How are allergies diagnosed?

How are allergies diagnosed?

How are allergies diagnosed?

There are a number of ways in which allergies can be accurately diagnosed. Firstly, the doctor will ask the patient to describe his or her symptoms and if they occurred after exposure to a certain substance in order to determine what their allergens are. After which, a physical examination will be performed.

For example, a rash on a person’s hands may denote that they have come into contact with latex gloves and therefore, they may be allergic to latex.  This type of allergy will be diagnosed as allergic contact dermatitis (ACD).

Food allergy

Food allergens

If someone has a food allergy, they may know exactly what causes the reaction, for example, nuts often elicit a serious allergic reaction that is blatantly obvious. 

If, however, this is not the case, the doctor may ask the patient to keep a list of the foods eaten (known as a food diary) and what causes a reaction. A process of elimination may also be introduced through eliminating certain foods from one’s diet in an attempt to determine what specific foods are allergens. After the elimination, certain food groups will then be introduced back into the diet to figure out what is causing the reaction.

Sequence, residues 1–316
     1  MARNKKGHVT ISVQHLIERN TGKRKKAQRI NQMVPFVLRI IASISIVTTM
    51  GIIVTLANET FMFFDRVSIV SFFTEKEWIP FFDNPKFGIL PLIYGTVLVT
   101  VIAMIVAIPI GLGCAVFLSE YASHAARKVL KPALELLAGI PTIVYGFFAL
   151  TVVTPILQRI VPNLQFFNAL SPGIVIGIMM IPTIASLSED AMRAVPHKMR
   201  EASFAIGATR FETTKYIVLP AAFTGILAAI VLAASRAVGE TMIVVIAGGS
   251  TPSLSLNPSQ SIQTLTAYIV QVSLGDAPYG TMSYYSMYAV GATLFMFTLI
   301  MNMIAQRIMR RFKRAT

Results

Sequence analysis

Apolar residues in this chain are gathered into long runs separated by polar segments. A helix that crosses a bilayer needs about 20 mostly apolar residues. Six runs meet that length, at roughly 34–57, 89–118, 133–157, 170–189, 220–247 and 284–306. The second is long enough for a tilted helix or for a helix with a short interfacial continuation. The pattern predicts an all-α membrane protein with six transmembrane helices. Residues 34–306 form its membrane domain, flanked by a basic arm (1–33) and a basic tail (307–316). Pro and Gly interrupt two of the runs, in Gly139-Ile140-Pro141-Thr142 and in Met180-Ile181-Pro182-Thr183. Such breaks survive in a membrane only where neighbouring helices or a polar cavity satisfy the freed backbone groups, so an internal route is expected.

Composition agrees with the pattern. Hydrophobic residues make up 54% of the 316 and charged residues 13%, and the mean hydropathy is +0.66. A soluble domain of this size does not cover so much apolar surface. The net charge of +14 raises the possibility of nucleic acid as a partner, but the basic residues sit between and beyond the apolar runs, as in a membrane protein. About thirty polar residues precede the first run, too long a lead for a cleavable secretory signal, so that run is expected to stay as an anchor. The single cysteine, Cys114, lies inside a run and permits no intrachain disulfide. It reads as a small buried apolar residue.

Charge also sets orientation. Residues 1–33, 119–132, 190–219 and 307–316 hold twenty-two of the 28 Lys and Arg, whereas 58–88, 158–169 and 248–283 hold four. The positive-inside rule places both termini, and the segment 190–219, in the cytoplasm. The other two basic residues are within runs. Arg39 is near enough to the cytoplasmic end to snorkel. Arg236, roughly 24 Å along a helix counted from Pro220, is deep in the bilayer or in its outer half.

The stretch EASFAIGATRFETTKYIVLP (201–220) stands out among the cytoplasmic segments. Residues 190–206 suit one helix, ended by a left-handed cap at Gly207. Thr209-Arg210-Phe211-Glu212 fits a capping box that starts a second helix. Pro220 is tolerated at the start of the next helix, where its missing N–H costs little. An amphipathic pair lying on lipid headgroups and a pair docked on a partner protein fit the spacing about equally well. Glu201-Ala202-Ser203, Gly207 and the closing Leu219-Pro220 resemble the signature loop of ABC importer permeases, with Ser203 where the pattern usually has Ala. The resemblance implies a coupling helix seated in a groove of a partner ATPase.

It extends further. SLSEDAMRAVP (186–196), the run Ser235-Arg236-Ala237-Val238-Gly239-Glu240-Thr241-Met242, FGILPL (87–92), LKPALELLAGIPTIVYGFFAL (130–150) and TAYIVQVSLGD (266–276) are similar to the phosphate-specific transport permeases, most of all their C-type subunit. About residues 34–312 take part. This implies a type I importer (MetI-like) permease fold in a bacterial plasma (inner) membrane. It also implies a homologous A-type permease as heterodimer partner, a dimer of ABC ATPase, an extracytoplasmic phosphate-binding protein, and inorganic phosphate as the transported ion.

Skin test

Allergy skin test

When allergies are suspected, a doctor is likely to also refer the patient to a specialised allergist for skin testing. In a skin test, the allergist (also sometimes performed by a doctor or nurse) pricks the skin, typically the skin on the inside of the patient’s arm, after which, the allergist will expose a small amount of proteins that are found in substances that have been identified as potential allergens to the pricked area. The reaction of the skin is documented. An allergic reaction to the allergen which the skin has been exposed to, results in the skin forming a rash, becoming red or inflamed.

Blood test

The doctor or allergist may also conduct a blood test. This is known as a radioallergosorbent test, abbreviated as RAST. This tests the patient’s blood to determine whether there are antibodies present in response to the allergens. These are known as immunoglobin E allergens. A blood sample will be taken and sent to a laboratory for results.

Disclaimer - is for informational purposes only. It is not intended to diagnose or treat any condition or illness or act as a substitute for professional medical advice.